You can find more of Todd’s design insights here.
It doesn’t necessarily take a designer to create a design brief. The important thing is to get the product manager and engineer together to agree on the design principles that will guide the project, with a common language, equal ownership and the flexibility to evolve as needed to get the product right. At Citrix, we’ve used a Slack channel to complement weekly meetings with real-time communication between engineers, product managers and designers, and I’ve been struck that the more we work together, the more our thinking comes into sync, so we end up having similar ideas at the same time.
If you think you don’t have time for a design brief — that you’ll just tweak the design as you go — remember that the world is full of $30 thermostats that may have even more features than Nest, but don’t have a fraction of its appeal or sense of purpose. Engineers want to see how many feature bullets they can put on the box, but people are digitally distracted enough as it is — they want simplicity. With this process, you’ll find the one or two features people will benefit most from right away; you can always add more in future releases. Remember, the original iPhone didn’t even come with the App Store ecosystem — it was laughably under-featured in today’s terms. But it became one of the most important and successful consumer products in history.
Products that don’t consult design aren’t maximizing their full potential and opportunity. By bringing design into the process from the very beginning, you have a chance to deliver a product that’s 10 times better from the consumer’s perspective — while bringing in 10 times as much revenue per unit for your business.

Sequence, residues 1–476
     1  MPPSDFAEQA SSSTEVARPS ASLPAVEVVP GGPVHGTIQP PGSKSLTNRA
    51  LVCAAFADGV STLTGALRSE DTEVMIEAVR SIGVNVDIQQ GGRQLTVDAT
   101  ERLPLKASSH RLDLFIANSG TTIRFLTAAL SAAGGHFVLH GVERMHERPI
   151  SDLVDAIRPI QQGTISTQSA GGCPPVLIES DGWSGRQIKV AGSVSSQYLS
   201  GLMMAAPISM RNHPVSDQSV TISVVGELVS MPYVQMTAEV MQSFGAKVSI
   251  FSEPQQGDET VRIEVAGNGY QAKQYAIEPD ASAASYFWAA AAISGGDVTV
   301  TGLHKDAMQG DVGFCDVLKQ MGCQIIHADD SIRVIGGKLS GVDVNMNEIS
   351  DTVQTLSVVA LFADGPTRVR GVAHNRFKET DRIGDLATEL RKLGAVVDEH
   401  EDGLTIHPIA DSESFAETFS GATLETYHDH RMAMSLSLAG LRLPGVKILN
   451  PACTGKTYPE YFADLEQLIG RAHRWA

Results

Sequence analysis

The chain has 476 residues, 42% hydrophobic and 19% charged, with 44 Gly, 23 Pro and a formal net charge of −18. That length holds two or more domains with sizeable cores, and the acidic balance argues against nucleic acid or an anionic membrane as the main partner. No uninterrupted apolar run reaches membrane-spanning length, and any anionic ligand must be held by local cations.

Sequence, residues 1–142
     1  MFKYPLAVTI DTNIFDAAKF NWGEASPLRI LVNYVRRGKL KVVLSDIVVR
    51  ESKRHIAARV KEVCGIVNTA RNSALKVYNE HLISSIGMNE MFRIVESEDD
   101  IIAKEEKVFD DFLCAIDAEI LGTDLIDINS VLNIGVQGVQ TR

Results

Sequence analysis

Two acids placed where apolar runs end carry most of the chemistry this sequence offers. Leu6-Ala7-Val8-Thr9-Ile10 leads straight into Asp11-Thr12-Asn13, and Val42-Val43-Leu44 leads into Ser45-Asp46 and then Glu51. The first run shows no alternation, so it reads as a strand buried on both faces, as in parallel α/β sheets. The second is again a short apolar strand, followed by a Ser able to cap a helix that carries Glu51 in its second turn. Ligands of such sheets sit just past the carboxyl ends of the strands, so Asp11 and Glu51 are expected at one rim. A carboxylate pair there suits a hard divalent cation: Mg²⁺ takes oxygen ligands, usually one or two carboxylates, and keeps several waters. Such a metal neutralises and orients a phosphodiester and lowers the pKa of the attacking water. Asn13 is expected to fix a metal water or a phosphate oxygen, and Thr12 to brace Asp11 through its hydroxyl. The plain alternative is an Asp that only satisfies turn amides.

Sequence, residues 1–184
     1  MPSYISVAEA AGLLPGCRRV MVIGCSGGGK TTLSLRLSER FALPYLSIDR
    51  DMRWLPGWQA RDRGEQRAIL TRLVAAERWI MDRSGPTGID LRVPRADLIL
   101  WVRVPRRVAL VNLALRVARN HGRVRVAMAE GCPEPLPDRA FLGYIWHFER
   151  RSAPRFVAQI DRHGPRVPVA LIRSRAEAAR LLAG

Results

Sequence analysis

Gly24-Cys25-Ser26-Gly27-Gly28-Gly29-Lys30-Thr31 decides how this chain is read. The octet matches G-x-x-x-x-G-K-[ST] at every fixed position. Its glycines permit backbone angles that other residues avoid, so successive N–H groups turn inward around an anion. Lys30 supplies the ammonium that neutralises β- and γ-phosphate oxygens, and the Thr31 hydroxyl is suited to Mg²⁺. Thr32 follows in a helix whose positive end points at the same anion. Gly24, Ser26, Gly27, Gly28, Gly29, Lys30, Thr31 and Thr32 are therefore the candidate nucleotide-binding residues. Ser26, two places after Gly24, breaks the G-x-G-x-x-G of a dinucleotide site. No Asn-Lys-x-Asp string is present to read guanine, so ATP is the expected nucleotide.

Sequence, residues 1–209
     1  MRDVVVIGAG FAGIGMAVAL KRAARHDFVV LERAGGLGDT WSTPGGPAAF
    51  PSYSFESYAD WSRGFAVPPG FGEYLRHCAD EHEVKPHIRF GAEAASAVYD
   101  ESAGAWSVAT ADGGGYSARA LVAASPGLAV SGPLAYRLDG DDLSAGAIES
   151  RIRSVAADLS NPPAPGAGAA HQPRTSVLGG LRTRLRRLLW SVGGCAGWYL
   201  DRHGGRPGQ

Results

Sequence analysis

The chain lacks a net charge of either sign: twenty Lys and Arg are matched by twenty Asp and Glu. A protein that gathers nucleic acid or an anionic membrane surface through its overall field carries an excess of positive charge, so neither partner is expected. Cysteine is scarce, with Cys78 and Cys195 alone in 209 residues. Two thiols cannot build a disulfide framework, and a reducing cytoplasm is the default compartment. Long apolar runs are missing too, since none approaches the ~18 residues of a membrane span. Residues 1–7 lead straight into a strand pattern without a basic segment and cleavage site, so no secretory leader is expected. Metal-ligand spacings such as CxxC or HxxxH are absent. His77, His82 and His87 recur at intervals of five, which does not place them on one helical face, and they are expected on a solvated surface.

Your goal isn’t to impress the consumer. It’s to help them. Sometimes, that means leaving some things in their own hands and resisting the temptation to over-automate. When people walk into a conference room, they don’t necessarily want all of its systems to fire up right way — that might feel pushy or annoying. They’d prefer to spend a few minutes shaking hands and making small talk before Skype starts capturing every word they say. Don’t assume that more automation is always better, and don’t engineer in a silo. Social norms may not be an engineering principle, but they should be a key part of your design context.
Of course, IoT design can have a way of humbling any engineer. Adding features is easy; simplicity is hard. It takes discipline to deliver experiences designed around human needs and quirks rather than technical wizardry. But when you get it right, you can change the world.